Foreign aid is the main tool of state-led humanitarian efforts among wealthy members of the Organization for Economic Co-operation and Development (OECD). While such spending accounts for a mere drop in the bucket of the donating nations' budgets, the combined sum from governments around the world is enough to cause big problems in developing economies.
In Fiscal Year 2015, OECD countries spent a total of $138 billion on foreign aid. From 1962 to 2015, they contributed a cumulative $3.98 trillion.
It was long believed that directing money to stagnant communities could jump-start economic growth. Yet numerous studies have found little evidence that foreign aid actually leads to greater economic development.
Take Africa as an example. To date, the continent has received well over $600 billion in outside assistance. World Bank data show that a majority of African countries' government spending comes directly from foreign aid. Yet much of Africa remains impoverished, and rampant corruption continues.
Foreign aid to Nepal is an "unmitigated economic, political, and humanitarian disaster" that has actually made the country poorer. Nepal will never see their governments as legitimate, as long as most of the spending for infrastructure, education, health care, etc comes from foreign countries. Continued aid spending reinforces the perception that Nepal government is ineffective and it makes nearly impossible to break free from dependence on foreign help. Sketching the sad outcome for outside observers, it looks like "Stuck in an aid world of no incentives, there is no reason for government to seek other, better, more transparent ways of raising development finance." Of course, no amount of evidence can dissuade the believers that foreign aid often fails.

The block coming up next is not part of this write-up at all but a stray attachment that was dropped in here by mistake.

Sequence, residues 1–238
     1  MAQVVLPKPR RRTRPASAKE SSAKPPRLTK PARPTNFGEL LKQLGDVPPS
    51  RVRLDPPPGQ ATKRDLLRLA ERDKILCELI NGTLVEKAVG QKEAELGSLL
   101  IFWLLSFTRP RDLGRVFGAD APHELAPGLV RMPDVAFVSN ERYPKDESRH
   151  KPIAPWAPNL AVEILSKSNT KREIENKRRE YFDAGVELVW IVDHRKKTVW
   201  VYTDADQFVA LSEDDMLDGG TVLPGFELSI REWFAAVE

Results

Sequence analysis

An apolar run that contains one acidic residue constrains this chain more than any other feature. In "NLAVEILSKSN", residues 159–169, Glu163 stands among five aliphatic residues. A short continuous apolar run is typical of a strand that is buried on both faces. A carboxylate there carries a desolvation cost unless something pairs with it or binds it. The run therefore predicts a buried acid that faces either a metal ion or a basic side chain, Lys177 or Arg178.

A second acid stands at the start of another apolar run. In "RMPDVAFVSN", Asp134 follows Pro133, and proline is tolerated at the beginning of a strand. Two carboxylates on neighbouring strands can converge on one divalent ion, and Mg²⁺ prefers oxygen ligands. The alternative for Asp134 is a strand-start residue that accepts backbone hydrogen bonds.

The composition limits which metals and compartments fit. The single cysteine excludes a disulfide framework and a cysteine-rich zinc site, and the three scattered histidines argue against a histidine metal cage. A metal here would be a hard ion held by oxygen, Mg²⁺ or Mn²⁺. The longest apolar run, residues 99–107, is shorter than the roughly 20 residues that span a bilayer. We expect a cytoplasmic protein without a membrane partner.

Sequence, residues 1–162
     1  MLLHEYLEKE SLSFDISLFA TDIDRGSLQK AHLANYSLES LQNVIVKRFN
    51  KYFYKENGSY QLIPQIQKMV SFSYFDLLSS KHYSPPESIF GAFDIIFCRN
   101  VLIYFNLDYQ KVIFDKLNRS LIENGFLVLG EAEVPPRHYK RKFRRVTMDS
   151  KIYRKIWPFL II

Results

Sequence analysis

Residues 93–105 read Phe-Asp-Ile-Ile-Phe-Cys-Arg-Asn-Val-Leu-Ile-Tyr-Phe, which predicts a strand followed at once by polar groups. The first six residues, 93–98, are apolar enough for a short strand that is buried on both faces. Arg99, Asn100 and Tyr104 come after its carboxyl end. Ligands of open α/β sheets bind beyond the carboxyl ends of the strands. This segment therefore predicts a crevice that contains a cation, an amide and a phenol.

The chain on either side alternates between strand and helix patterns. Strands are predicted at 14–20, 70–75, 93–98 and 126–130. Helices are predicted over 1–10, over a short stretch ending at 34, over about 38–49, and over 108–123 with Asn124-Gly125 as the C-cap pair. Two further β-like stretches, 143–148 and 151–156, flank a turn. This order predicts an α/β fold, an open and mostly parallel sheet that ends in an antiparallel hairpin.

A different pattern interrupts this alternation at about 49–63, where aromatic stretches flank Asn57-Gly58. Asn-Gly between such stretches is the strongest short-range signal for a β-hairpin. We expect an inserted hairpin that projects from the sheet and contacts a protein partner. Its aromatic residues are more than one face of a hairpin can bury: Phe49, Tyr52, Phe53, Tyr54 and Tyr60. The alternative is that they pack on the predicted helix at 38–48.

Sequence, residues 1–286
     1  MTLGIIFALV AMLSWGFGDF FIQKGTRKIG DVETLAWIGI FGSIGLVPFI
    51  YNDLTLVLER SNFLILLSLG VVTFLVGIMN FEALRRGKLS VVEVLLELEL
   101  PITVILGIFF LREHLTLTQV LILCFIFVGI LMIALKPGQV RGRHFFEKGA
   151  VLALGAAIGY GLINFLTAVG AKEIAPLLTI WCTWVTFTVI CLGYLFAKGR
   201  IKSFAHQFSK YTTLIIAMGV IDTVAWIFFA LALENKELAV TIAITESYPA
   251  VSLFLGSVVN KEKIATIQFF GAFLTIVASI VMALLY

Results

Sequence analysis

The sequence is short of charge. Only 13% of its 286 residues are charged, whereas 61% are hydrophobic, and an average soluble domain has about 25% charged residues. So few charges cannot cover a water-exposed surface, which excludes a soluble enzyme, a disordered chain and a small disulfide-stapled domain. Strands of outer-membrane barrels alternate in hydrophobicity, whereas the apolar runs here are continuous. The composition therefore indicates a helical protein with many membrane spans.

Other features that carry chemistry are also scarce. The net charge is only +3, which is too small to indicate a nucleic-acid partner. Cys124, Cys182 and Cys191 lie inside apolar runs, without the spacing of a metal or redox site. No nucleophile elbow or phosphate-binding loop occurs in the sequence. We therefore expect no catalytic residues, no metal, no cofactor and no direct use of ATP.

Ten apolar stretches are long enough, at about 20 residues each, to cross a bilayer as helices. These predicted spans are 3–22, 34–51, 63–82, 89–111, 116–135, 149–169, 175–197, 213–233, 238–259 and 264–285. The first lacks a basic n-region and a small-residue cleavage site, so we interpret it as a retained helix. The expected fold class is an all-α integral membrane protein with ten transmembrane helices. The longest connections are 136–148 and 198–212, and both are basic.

Aid programs can be made effective. Unfortunately, acolytes have failed to grapple with the fundamental reason so much aid fails: Governments simply do not have enough information to know what each dollar's best use would be. People are forced to compete for resources in the political arena, and money ultimately goes to those with the most connections, not to those most in need.
Delayed response also led to large-scale waste of donated aid. In December it was found that large quantities of the tens of thousands of tons of rice provided by international donors had not been distributed, but stored in warehouses where it was photographed rotting and infested with insects. To prevent further waste, in January the government announced plans to begin selling rice that had been donated for earthquake victims.